What COVID-19 can teach us about ASFWhat COVID-19 can teach us about ASF
The rapid and ruinous spread of COVID-19 is a direct account of what ASF might look like spreading through our swine herds.
May 1, 2020
By Eric Farrand, United Animal Health
The swine industry is no stranger to disease. Since the beginning, disease challenges have been an obstacle for all animal protein producers and continue to be an ongoing threat. It requires constant attention and vigilance to protect our animals.
Biosecurity continues to be a big part of our business and, today, we have seen COVID-19 spread through the human population eerily similar to how African swine fever could spread through the swine population. We have seen, too, some of the same containment measures taken with humans today — lockdown of entire populations to contain the virus — and we have also witnessed failures in biosecurity protocols that led us to that point. It's a scary lesson and all the more reason to be sure our biosecurity protocols are being followed rigorously to prevent any foreign animal disease from entering the food chain.
The rapid and ruinous spread of COVID-19 is a direct account of what ASF might look like spreading through our swine herds. Here are two lessons we should learn from this pandemic.
Biosecurity is economic security. An outbreak literally shuts down the population and limits movements and interactions to slow the spread. This, as we have painfully learned firsthand, shuts down more than population movements; it shuts down the economy. The only way to have prevented the harsh impact would have been better biosecurity before the break. Only after the outbreak in the United States were there public service announcements about how to wash your hands, how to cover your mouth, what to do when you are sick, how to address other sick people, what sanitation works best (alcohol-based hand sanitizers), and how we should interact with others. After an outbreak, these protocols are too late to stop the spread and are merely methods to slow the spread, or flatten the curve as we know it today. A relentless pursuit in continuous improvement in biosecurity is economic security. And, just like COVID-19 with the human population, everyone has a role in prevention.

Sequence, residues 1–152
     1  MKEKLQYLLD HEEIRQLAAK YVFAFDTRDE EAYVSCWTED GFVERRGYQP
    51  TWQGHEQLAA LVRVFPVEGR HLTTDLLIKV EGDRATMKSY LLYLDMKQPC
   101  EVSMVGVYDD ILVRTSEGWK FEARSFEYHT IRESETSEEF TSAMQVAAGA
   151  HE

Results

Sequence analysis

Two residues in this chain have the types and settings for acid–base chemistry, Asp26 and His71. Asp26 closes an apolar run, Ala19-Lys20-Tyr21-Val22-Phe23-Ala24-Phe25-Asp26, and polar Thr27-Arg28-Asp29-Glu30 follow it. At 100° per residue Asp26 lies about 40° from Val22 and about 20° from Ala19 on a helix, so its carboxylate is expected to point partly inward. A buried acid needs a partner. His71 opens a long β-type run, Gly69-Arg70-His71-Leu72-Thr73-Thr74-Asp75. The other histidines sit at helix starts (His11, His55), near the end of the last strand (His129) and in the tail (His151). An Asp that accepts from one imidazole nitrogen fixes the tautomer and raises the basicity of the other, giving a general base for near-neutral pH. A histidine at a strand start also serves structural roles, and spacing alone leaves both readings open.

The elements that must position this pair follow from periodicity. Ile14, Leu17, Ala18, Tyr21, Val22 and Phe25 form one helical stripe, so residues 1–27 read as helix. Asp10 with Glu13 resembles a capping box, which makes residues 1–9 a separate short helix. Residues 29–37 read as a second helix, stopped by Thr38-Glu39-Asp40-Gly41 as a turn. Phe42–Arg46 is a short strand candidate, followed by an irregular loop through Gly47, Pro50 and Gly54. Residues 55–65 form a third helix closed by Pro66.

It's always bigger than you think. There are differing views on how devastating an outbreak of ASF could be on the swine population. Some views pointed to China and what appeared to be their poor handling of the disease, not being transparent with the loss numbers and not taking swift actions to quarantine the outbreaks. However, watching COVID-19 spread should provide us all with at least one big insight: it's a bigger deal than we think. Whatever our expectations on how our industry would respond to an ASF break, COVID is showing us that an outbreak of a virus this contagious would likely be bigger and more catastrophic than we previously might have thought. And, it will probably be around a lot longer than we thought. These are tough enemies that never go quietly.
Before 9/11, no one could have imagined standing in a security line in your stocking feet. No one could have predicted this future that now is a common, expected part of life. We don't expect to follow a friend to the boarding gate to say goodbye any more than we'd expect to see someone light a cigarette mid-flight. Yet, these things all used to happen and used to be considered normal.
Certain events change life forever, and this pandemic will be no different. Now, more than ever, we must focus on biosecurity and be sure we aren't letting our guard down. This includes considering the often-overlooked feed delivery. The truck travels farm to farm, and the driver climbs out of his cab and into feed bins. Do you know where your feed delivery truck has been? Maybe it's time you do.
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